Originally published on Jack Myers’ MediaBizBloggers | 03.03.2010
There is a long and fairly pointless war being fought between the forces of old media and the forces of new media.
Many new media true believers publicly talk about old media as being “over.” This, despite the fact that even the most aggressive forecasts say interactive marketing will account for 21% of all marketing spending by 2015.
I don’t think the future is all about the 21%, or about the 79%, or about which side wins.
I think the future is about the feedback loop between traditional and digital communications.
But before I get into that, some perspective may be helpful.
One “Dinosaur” Is 3x the Projected Size Of The Whole “Next Big Thing“
Forrester’s forecast says social media will hit $3 billion. Mobile will pass $1 billion. The echo chamber Tweeted yet again about the final death rattle of traditional media.
We’ve been trying to bury old media forever, but like Abe Vigoda, it stubbornly refuses to stay dead.
Take CBS. It has a ton of quaint antiquarian media like TV, radio stations and billboards.
But even despite a recent profit plunge of 57%, the market cap for CBS – and remember I’m talking about CBS alone – is $8.78 billion. Read that again and let it sink it: a single “old media” company is worth almost three times the projected future spending for the entire social media industry.
It doesn’t mean social media isn’t important, or that the profit plunge at CBS isn’t significant. Both are.
But this is not a zero-sum story, at all.
Is It Time To Challenge The Zero-Sum Narrative?
The unquestioned narrative about media is zero-sum. For digital to win, TV must lose. Here is the standard narrative in a nutshell.
1. TV is less and less effective every day. It’s time to panic. And there are Terminators on the loose everywhere. “Watch out! The consumer has a remote control/VCR/DVR/TiVo/iPad/etc.!”
2. Interactive and especially social media are the future. The consumer is in control. Abandon your brand now and run for the hills!
3. Ideas like the Pepsi “Refresh” Project prove TV is dead (what kind of idiot would waste money on a Super Bowl TV spot anymore?) and social media has permanently taken over TV’s place on the throne.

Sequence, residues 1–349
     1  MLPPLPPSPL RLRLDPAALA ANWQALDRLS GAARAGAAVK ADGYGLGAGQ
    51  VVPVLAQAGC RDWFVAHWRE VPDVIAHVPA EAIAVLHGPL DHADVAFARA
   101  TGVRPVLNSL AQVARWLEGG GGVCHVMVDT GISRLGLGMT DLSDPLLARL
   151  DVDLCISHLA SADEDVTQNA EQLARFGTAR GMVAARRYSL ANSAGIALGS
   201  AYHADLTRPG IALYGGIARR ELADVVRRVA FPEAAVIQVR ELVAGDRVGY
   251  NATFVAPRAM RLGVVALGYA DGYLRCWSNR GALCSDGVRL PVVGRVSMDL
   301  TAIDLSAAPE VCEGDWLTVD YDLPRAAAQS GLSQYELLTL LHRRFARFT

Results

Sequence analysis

A Different POV: The Future Is A Feedback Loop
Here’s an alternative way of looking at things that I think is both more accurate and more useful:
1. TV, while less effective than in 1960, remains astonishingly powerful. As Clay Shirky notes, “Broadcast TV can charge higher prices for fewer households because the mass marketers simply have nowhere else to go… There isn’t another medium that offers the option of reaching 10 million households at the same time with a single ad.”
2. Old media and interactive not only can co-exist, they are now utterly interdependent. People Twitter about what they saw on TV. Hollywood makes a TV series from Twitter sensation “Sh*t My Dad Says.” The future isn’t one side wins and the other loses. The future is a feedback loop.
3. Pepsi “Refresh” isn’t an indictment of Super Bowl ads and a triumph for social media. Far from it. Rather, it’s a brilliant example of how marketers can use the interdependence of old and new media to create something more powerful than either side could accomplish on its own.
“View” Media Or “Do” Media?
It’s time to get past thinking of media as being either old or new.
I think of media as “view” or “do.” TV is a “view” medium: generally, we sit back and hope to be entertained. Digital is a “do” medium: generally, we’re trying to get something done.
Whether Pepsi uses those words internally, they’re clearly thinking and executing along the same lines. They ran TV to generate awareness in “view” mode and then turned to digital to activate that in “do” mode.
Like the Obama campaign, they turned the feedback loop to their advantage.
I give Pepsi’s Director of Social Media B. Bonin Bough high marks for escaping the trap of thinking only about the silo of social media and really understanding how the total feedback loop works.
Happy Interdependence Day
Forget old media and new media, and stop pitting one vs. the other.
Start thinking about how you can use the feedback loop to make 1+1 equal 11.
Photo Credit: Akshay Moon (Creative Commons)